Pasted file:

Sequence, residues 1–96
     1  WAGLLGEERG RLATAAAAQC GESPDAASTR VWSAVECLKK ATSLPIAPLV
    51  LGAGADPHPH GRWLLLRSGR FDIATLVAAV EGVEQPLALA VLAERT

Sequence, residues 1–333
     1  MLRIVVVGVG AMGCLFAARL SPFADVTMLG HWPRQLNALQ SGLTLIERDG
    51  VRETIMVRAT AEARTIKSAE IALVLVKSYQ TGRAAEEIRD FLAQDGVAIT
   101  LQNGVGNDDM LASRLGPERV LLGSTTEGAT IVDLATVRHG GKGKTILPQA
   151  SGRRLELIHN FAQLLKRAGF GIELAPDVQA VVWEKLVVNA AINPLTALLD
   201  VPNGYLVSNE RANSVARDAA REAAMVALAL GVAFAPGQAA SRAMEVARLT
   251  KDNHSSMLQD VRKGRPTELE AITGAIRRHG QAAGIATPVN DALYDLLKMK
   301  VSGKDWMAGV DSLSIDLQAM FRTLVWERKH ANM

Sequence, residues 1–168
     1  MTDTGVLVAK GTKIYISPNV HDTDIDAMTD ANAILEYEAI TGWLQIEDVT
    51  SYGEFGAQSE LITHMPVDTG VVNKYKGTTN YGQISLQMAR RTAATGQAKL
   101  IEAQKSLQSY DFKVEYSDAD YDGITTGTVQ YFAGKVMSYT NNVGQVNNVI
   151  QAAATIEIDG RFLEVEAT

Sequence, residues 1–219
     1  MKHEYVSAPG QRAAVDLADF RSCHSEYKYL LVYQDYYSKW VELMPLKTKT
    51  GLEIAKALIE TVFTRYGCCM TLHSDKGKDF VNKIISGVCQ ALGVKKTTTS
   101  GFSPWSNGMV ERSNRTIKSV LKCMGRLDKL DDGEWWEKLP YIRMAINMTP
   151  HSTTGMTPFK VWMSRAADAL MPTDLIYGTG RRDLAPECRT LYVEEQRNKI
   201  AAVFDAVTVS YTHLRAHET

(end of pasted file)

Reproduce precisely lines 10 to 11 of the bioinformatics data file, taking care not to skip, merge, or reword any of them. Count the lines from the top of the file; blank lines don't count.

   251  KDNHSSMLQD VRKGRPTELE AITGAIRRHG QAAGIATPVN DALYDLLKMK
   301  VSGKDWMAGV DSLSIDLQAM FRTLVWERKH ANM